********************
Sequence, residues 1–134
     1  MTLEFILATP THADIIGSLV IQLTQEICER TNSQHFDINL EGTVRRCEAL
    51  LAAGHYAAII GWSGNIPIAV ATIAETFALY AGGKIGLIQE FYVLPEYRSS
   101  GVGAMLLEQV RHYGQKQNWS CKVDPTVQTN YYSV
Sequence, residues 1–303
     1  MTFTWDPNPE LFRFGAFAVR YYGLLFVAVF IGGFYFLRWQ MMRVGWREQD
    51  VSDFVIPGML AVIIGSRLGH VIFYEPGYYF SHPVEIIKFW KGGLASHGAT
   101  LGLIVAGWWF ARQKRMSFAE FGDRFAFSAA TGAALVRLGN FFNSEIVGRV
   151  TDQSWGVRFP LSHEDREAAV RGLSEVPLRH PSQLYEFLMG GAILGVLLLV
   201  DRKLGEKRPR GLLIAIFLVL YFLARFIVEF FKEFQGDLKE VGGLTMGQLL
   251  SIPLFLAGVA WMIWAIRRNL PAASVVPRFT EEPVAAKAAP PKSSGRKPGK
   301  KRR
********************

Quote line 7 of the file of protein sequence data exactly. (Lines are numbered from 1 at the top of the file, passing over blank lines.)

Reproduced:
    51  VSDFVIPGML AVIIGSRLGH VIFYEPGYYF SHPVEIIKFW KGGLASHGAT